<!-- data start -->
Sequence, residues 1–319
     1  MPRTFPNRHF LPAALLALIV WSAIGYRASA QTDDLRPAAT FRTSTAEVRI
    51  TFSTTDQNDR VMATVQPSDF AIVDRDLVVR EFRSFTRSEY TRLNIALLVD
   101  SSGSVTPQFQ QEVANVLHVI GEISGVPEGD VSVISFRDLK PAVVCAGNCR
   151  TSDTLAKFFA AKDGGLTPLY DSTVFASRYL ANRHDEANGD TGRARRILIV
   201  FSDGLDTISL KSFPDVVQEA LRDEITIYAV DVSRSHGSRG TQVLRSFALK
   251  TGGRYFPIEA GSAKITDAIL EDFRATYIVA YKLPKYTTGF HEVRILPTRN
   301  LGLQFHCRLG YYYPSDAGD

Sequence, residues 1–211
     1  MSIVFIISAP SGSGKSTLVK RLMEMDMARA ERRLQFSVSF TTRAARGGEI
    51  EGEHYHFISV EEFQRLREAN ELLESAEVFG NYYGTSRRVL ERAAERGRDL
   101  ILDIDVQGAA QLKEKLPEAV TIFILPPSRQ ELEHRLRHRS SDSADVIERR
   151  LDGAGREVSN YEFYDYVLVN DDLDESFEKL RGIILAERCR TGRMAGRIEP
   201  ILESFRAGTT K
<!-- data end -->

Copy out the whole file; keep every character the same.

Sequence, residues 1–319
     1  MPRTFPNRHF LPAALLALIV WSAIGYRASA QTDDLRPAAT FRTSTAEVRI
    51  TFSTTDQNDR VMATVQPSDF AIVDRDLVVR EFRSFTRSEY TRLNIALLVD
   101  SSGSVTPQFQ QEVANVLHVI GEISGVPEGD VSVISFRDLK PAVVCAGNCR
   151  TSDTLAKFFA AKDGGLTPLY DSTVFASRYL ANRHDEANGD TGRARRILIV
   201  FSDGLDTISL KSFPDVVQEA LRDEITIYAV DVSRSHGSRG TQVLRSFALK
   251  TGGRYFPIEA GSAKITDAIL EDFRATYIVA YKLPKYTTGF HEVRILPTRN
   301  LGLQFHCRLG YYYPSDAGD

Sequence, residues 1–211
     1  MSIVFIISAP SGSGKSTLVK RLMEMDMARA ERRLQFSVSF TTRAARGGEI
    51  EGEHYHFISV EEFQRLREAN ELLESAEVFG NYYGTSRRVL ERAAERGRDL
   101  ILDIDVQGAA QLKEKLPEAV TIFILPPSRQ ELEHRLRHRS SDSADVIERR
   151  LDGAGREVSN YEFYDYVLVN DDLDESFEKL RGIILAERCR TGRMAGRIEP
   201  ILESFRAGTT K